Everybody knows about white noise — that sound that comes out of your TV when it’s not working quite right. But there are many other colors of noise, too: pink, brown, blue, and purple. Marnie Chesterton brings us this story on the colorful science of sound.
Play with your own noisy rainbow — and learn more about each color — by clicking here:
Inside the Episode:
We meet Shelley, who uses pink noise to drown out the constant ringing in her head (tinnitus); Professor Trevor Cox at the Acoustic Engineering group at Salford explains why engineers need to classify different frequencies this way; and Cyrus Shahrad, electronic music producer, whose love of brown noise filters through into his work.
Producer/reporter Marnie Chesterton
We asked Marnie how she got interested in making a story about the science of sound.
She tells us that she came across this story idea after having heard about pink noise. She began an investigation sparked by her own curiosity about the spectrum of sound: “I started unpicking the stories of different colours of sound, mainly by talking about this topic to everyone I could think of,” she recounts. “After a few chats with various academics, I came to Professor Trevor Cox, an acoustic engineer at Salford University, who is obsessed with qualities of sound – reverb, echo.”
Prof. Trevor Cox
Through Trevor Cox, Chesterson got a first-hand look at an anechoic chamber, a whole room constructed to deaden any type of sound whatsoever. She describes the room as the most bizarre one she’s been in for a while: “The walls and ceiling are covered with these meter-long, dark grey foam spikes, and the floor, if you can call it that, is a mesh a bit like that of a trampoline. Through the holes in the floor, I could see down into darkness, maybe more foam spikes.”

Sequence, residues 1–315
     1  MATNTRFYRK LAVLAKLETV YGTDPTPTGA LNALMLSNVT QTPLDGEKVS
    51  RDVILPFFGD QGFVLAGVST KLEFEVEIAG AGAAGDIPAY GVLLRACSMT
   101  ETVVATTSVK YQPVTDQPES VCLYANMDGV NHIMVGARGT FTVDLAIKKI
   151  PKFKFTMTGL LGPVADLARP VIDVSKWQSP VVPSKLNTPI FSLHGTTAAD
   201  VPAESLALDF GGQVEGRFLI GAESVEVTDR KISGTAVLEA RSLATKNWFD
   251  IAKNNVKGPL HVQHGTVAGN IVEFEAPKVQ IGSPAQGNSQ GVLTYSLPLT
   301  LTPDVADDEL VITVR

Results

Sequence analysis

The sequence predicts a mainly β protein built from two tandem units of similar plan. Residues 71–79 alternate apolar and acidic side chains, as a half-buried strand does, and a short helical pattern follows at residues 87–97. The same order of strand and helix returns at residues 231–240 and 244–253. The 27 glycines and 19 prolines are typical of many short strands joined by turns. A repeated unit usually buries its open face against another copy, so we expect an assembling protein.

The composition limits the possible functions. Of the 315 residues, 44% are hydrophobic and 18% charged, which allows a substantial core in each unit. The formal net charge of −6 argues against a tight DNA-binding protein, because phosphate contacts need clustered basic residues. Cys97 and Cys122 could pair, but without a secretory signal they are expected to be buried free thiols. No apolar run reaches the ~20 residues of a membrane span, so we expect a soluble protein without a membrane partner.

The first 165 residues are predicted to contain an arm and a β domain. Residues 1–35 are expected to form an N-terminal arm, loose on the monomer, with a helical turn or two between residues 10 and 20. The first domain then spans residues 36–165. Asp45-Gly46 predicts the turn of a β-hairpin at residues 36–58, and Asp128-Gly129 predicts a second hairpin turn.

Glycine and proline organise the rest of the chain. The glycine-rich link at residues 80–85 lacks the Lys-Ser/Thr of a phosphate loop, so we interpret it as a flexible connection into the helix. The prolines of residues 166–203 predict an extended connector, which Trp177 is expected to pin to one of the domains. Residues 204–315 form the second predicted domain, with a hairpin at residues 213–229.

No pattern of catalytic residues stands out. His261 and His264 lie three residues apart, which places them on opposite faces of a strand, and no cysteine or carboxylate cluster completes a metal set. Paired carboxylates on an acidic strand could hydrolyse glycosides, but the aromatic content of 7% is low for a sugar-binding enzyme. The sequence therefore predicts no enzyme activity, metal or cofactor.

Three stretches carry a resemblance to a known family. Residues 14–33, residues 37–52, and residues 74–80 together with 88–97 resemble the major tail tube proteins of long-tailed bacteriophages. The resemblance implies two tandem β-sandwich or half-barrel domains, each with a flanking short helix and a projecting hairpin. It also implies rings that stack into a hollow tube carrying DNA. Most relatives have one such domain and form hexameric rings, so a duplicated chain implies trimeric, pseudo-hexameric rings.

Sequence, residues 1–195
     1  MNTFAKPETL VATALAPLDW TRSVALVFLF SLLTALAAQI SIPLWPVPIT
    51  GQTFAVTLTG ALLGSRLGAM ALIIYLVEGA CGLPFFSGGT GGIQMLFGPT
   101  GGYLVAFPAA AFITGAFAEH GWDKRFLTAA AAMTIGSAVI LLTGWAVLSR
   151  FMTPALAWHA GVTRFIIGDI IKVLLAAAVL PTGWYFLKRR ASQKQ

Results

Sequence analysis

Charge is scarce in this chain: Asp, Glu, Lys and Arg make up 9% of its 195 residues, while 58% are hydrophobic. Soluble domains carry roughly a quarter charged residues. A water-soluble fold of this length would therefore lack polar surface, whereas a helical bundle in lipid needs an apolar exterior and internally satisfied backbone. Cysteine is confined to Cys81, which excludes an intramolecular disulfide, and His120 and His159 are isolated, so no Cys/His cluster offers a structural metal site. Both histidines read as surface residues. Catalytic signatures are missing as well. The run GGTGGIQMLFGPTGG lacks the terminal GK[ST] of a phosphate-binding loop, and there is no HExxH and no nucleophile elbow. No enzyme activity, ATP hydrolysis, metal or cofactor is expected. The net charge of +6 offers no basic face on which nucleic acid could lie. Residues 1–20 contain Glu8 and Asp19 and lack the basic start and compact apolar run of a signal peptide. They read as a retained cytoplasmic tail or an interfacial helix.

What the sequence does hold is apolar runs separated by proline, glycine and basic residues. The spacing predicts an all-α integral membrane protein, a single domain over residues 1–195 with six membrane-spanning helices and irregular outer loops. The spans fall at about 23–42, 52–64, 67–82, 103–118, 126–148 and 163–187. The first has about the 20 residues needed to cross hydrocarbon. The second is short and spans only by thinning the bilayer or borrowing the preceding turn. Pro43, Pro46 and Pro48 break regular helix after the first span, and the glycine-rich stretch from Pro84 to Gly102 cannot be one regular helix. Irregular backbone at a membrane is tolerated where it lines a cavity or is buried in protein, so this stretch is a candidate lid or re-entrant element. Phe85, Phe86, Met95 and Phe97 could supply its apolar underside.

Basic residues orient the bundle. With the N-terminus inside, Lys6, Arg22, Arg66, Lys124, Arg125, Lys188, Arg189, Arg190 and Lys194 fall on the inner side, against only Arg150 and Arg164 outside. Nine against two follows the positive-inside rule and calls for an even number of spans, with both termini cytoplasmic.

Imagine a room that is so silent that the sounds seem to come from your own head. Chesterson explains, “The brain’s response to that kind of silence is to fill it with something, anything. And that’s what tinnitus is.”
If you’re interested in exploring the different bands of sound described in Chesterson’s story, you can play with the companion interactive rainbow of noise. Listen to which bands are used to treat tinnitus, to describe regime shifts in climate, to help sirens cut through background noise, and more.
A Rainbow of Noise was produced by Marnie Chesterton and mixed by Henry Hocking. It was hosted for this episode of Transistor by Genevieve Sponsler and mixed by Erika Lantz.